Nutmeg is an evergreen tree, which grows to a height of 60 feet. The tree yields two spices - the dark coloured nut and the bright red mace that covers it. The tree originally from Indonesia, thrives in warm, humid conditions with abundant rainfall - 150 cm and more. It grows well on clay loam, sandy loam and red laterite soils, up to an altitude of 1300m above the sea level. The tree cannot withstand heat and needs the cover of shady trees. Water logged conditions also inhibit its growth, and so does wind. This makes it an ideal intercrop in coconut, clove, coffee or arecanut plantations.
Nutmeg trees start flowering in the third year, and are thought to reach their peak yield in 20 years. The yield varies from tree to tree with the average yield being around 1500 nuts /tree/year and 1- 1.5kg dry mace/tree/year. But there are high yielding varieties that yield up to 10,000 nuts a year. The trees will continue to produce fruit until the 90th year or more.
Nutmeg and mace contain many chemical compounds that are known to have anti-oxidant, disease-preventing, and health-promoting properties. The nut contains trirnyristin and many essential volatile oils. Nutmeg also has many therapeutic applications in many traditional medicines for its anti-fungal, anti-depressant, aphrodisiac, digestive, and carminative properties.
Nutmeg is by no means easy to grow. It is in fact endemic to the Indonesian islands, from which it spread to other parts of the world. Indonesia, remains the largest producer of nutmeg in the world, but the nuts from the Carribean island of Grenada are preferred more in the international markets for their quality. India produces around 12,000 tonnes of nutmeg a year, with Kerala accounting for more than 90 percent Nutmeg cultivation concentrated in the Thrissur, Ernakulam and Kottayam districts.
Different varieties of nutmeg are available, with plants varying in growth patterns, size and shape of the nuts, the quality and quantity of the mace etc. Trees bearing over 10,000 fruits a year regularly, with nuts weighing 10g each and mace 1g/fruit can be selected as mother trees.
Nutmeg trees can be either male or female. When seeds are planted, around 50 per cent of the saplings will be male and they will bear only negligible quantities of fruits. Moreover, there is no foolproof way of identifying if the plant is male or female before it starts flowering. So planting seeds for establishing a nutmeg plantation is a risky business for farmers. Hence farmers should opt for vegetative propagation using budded or grafted plants. At the same time, it should be kept in mind that male trees are needed for pollination. An ideal plantation should have male-female trees in the ratio 1:10.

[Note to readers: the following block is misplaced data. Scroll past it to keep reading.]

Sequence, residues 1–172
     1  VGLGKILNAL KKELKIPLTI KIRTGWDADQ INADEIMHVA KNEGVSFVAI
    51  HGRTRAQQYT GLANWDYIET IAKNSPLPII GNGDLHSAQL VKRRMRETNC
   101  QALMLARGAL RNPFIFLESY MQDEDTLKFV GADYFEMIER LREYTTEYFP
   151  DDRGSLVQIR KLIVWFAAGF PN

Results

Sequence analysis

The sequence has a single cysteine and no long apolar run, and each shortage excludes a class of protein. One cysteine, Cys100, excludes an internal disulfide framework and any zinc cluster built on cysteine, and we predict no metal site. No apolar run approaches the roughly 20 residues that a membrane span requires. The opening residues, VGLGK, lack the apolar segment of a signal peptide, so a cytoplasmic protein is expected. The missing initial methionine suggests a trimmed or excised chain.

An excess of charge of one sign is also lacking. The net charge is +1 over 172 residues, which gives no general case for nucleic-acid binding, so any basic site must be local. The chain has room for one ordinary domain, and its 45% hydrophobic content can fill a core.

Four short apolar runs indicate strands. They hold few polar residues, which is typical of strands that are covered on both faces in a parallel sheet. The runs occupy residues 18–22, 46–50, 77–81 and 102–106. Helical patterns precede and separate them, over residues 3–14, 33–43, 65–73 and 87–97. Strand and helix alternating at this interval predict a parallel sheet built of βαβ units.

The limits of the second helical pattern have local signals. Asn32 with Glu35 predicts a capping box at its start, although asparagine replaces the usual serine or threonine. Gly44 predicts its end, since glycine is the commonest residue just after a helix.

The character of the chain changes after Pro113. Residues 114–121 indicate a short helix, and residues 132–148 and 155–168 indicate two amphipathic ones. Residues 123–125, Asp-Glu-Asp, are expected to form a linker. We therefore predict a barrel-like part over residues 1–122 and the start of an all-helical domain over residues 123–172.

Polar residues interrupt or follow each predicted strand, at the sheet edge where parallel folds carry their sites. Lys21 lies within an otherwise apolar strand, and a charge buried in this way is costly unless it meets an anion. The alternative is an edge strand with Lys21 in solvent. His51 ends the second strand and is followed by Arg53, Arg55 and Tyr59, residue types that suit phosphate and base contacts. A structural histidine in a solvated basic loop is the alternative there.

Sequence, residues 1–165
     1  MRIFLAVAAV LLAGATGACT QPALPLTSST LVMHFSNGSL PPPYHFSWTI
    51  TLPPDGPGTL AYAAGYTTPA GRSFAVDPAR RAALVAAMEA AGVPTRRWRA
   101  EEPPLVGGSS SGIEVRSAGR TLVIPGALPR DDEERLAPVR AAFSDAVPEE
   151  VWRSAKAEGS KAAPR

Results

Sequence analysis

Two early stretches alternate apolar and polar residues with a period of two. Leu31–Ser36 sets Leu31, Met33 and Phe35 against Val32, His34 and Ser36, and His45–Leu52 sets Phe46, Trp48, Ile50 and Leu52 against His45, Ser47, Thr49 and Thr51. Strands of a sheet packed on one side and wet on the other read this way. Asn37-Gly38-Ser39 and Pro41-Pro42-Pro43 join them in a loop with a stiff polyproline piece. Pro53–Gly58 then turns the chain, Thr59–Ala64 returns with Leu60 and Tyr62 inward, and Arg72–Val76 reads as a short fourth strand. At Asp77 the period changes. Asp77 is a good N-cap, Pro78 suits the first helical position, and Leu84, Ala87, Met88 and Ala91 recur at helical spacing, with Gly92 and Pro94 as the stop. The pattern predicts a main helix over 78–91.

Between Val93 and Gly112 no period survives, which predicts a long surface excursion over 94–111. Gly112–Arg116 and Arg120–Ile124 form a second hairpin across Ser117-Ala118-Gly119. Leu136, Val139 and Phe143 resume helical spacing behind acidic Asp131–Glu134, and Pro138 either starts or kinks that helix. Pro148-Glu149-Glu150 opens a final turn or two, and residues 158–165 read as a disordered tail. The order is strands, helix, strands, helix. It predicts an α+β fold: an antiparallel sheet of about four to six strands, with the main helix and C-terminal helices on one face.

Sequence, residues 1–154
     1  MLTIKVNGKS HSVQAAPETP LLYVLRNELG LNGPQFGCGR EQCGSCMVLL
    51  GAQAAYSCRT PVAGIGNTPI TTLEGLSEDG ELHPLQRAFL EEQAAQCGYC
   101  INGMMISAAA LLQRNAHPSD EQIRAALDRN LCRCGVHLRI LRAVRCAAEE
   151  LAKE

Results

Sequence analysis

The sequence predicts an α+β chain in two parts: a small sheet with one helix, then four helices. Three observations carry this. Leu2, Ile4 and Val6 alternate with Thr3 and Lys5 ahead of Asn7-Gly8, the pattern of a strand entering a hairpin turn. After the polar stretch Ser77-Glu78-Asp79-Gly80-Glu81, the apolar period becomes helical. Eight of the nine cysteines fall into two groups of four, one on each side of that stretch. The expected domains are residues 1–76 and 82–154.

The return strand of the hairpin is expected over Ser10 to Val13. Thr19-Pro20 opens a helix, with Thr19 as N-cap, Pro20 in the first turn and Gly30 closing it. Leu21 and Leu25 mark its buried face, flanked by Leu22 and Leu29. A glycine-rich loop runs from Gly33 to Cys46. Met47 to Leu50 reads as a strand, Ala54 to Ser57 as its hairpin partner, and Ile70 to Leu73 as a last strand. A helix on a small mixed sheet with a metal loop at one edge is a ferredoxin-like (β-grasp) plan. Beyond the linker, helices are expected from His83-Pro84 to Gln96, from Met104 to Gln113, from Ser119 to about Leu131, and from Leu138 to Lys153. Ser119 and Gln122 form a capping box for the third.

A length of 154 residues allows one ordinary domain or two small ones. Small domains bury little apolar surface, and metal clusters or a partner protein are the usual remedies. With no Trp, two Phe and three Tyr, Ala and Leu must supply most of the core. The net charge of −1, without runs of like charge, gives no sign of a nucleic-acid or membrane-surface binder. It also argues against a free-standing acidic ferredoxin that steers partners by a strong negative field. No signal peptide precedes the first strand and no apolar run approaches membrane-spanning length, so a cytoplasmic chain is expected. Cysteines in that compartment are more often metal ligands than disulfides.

Planting is usually done at the start of the rainy season. The pits are dug at a spacing of 9m x 9m. Male grafts should be planted at equal intervals, maintaining the 1:10 ratio. The pit must be of 75cm height, depth and width. It is filled with potting mixture containing 5kg cow dung or 5kg vermi compost, 300g of bone meal and other manure. The plants should be placed in the pit in such a way that the bud faces the west. Care should he taken so that the roots are not disturbed and the pit should be filled with soil up to the collar of the plant.
Adequate mulching should be provided after planting. Temporary shading should also be provided to protect the young plants from the scorching sun. During the summer months, the plants should be watered daily -5 litres for saplings and 25 litres for trees that are 10 years or older. In addition spraying Bordeaux mixture once in a year would help prevent fungal infections. Flowering will start after 3 years.
The fruits have a ripening period of around 9 months. The fruits split open when they are ripe and have to be handpicked on a daily basis, before they fall on the ground. The mace decays rapidly once it comes into contact with the earth and may be lost completely if not collected in time.
Appropriate drying facilities are required for processing nutmeg. In Kerala, the nuts, are usually dried in the sun, and hence their quality suffers. The problem is complicated by the fact that, the harvest season in the State coincides with the rains, increasing the chance of mould formation. Not surprisingly, despite being a major producer of the spice, Kerala isn't famous for Nutmeg The high levels of aflatoxin in the produce from the State, makes it unwelcome in the premium markets of Europe.
The Spices Board is taking steps to remedy the situation by forming nutmeg farmers' associations, which can ensure that the produce is processed to the required quality.
Original post was published here (http://www.kochukudynutmeg.com/)